Although the noise of the presidential race is loud and sustained, expect a higher volume soon in Pa.'s U.S. Senate race.

That's because the money pouring into Pennsylvania from outside groups and special interests is now tops in the U.S.A., according to the non-profit watchdog Center for Responsive Politics.

The Pittsburgh Tribune-Review reports the closely-contested Pat Toomey-Katie McGinty battle has so far collected at least $57.5 million in outside dough. And The Washington Post says more is on the way.

The level of incoming money surpasses all other Senate contests and serves as evidence that the Keystone State remains a key to Democratic hopes of winning Senate control.

Perhaps ironically, McGinty supports overthrowing Citizens United, the Supreme Court ruling that opened the gates for unlimited campaign funding, yet is benefiting more from the ruling than Toomey, who supports the Citizens United decision on the basis of free speech.

The Trib-Review says McGinty got $38.9 million in support from outside liberal groups while Toomey got $18.6 million from conservative groups.

You can read the Trib's report right here.

Spending by candidates' campaigns, however, is very different: Toomey's campaign spent $15.4 million through the end of June; McGinty's spent $4.3 million. The next required campaign finance filing date is Oct. 15.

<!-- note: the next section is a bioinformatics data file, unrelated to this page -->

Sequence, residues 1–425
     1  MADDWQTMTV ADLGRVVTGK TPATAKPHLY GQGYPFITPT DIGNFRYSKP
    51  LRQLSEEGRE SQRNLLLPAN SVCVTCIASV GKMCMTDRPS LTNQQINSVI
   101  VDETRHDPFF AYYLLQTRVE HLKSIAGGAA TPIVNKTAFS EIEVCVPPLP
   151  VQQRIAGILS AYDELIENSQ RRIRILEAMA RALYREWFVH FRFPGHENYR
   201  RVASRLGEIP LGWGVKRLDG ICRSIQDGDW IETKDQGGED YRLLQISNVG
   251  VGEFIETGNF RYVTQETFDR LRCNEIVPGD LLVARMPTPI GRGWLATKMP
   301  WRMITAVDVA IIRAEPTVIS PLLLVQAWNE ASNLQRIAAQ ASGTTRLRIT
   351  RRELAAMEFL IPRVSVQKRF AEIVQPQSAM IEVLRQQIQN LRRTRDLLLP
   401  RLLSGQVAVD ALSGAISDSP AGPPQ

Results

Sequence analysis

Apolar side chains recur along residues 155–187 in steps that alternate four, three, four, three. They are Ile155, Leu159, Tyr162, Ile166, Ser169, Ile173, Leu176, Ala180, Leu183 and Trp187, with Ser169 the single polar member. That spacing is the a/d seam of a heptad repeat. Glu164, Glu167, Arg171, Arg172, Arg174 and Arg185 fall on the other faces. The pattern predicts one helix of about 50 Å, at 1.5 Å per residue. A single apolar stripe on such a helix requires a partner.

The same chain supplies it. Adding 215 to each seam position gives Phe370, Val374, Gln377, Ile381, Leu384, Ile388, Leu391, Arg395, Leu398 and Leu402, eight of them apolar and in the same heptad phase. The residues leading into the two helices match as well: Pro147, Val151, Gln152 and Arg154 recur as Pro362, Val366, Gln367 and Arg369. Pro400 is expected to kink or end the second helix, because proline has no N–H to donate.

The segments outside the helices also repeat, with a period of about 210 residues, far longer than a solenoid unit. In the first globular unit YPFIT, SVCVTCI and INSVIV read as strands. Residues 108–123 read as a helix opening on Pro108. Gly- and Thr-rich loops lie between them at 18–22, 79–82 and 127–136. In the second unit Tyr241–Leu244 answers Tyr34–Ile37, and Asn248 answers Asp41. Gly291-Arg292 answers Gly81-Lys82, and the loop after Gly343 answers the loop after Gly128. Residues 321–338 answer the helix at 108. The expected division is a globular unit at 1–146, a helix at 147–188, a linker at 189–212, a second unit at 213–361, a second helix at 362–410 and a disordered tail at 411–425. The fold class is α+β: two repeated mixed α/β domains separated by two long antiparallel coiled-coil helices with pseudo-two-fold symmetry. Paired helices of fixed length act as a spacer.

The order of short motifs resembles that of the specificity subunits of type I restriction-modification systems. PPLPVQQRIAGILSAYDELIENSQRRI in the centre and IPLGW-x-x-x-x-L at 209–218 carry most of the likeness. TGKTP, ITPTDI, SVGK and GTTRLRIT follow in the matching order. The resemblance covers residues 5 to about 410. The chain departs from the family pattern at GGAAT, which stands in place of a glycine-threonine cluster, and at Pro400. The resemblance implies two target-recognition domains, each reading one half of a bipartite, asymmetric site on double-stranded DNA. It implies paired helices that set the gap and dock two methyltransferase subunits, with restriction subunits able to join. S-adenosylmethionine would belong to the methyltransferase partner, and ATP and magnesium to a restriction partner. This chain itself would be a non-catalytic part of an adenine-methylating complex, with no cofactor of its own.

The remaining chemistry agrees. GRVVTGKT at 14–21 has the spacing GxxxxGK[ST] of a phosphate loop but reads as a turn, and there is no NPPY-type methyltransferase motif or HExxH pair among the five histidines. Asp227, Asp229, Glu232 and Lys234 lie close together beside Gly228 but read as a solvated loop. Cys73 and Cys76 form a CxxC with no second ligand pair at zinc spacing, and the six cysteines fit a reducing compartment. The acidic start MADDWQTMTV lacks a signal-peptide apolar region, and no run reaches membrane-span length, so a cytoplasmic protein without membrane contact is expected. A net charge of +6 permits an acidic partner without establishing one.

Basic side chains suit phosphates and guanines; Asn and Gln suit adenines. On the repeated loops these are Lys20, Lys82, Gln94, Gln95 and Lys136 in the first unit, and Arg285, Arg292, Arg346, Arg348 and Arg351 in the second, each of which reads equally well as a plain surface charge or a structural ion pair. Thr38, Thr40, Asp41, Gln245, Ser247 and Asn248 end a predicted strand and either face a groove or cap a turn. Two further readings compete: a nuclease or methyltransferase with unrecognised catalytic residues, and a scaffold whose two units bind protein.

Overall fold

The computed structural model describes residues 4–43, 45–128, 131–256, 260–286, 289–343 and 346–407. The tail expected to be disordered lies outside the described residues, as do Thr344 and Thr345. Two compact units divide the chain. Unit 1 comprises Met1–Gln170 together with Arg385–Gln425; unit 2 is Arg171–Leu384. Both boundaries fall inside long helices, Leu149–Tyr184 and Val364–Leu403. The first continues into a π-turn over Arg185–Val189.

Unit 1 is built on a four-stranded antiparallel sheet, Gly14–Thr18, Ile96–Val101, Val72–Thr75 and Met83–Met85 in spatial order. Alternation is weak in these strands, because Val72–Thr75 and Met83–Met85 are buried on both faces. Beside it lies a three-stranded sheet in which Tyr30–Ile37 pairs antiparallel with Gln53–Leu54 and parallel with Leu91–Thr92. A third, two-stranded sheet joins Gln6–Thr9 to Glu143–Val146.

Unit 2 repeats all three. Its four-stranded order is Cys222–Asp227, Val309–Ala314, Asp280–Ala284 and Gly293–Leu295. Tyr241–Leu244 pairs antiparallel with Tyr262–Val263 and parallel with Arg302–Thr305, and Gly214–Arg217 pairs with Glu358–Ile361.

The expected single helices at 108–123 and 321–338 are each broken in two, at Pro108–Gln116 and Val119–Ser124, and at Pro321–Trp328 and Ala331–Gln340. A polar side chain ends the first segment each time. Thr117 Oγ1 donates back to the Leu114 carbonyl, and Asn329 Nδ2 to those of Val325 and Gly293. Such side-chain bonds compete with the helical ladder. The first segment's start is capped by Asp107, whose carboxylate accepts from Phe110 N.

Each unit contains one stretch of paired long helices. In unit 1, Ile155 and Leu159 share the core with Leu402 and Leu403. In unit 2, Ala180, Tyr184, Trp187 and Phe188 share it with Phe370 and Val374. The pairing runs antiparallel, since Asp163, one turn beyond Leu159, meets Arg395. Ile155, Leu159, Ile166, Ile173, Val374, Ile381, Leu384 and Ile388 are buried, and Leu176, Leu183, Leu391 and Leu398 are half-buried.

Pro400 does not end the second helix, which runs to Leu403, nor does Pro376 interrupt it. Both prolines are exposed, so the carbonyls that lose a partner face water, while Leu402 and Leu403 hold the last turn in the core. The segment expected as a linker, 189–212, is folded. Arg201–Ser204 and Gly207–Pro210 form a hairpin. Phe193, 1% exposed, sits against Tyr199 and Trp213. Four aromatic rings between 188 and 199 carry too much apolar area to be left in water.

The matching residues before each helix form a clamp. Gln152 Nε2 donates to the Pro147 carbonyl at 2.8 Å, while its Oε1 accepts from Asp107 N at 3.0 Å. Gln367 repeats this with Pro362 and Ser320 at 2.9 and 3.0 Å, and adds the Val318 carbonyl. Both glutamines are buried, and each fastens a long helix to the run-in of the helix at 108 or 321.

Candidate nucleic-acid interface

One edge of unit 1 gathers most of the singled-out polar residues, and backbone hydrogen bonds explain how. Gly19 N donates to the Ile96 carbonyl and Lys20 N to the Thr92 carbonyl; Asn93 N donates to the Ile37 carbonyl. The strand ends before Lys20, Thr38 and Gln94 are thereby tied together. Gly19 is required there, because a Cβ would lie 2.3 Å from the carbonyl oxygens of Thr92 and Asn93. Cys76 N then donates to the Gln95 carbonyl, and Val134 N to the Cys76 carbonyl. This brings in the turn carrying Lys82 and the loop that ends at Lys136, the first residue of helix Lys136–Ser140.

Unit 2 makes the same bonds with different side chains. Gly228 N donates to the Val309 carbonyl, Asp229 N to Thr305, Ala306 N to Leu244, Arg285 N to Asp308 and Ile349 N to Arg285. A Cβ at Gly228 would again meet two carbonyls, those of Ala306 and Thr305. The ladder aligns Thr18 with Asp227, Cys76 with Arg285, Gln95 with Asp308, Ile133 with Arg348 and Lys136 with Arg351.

So at this stage more money ($42.2 million) is invested in electing McGinty than in electing Toomey ($34 million). But as we enter the last month of the campaign, it's clear there's more to come.

The Washington Post reports the GOP Senate PAC is plowing millions (as in $21 million more) into six Senate races, including Pennsylvania's, as part of efforts to retain Senate control.

The Post says that means a total of $76 million from the Senate Leadership Fund for the last two months of the cycle, an amount the newspaper says could grow larger by Election Day.

You can read The Post report right here.

The McGinty/Toomey race is tight and will clearly end up costing more than $80 million. There are two debates scheduled. The first is in Pittsburgh Oct. 17; the second is in Philly Oct. 24.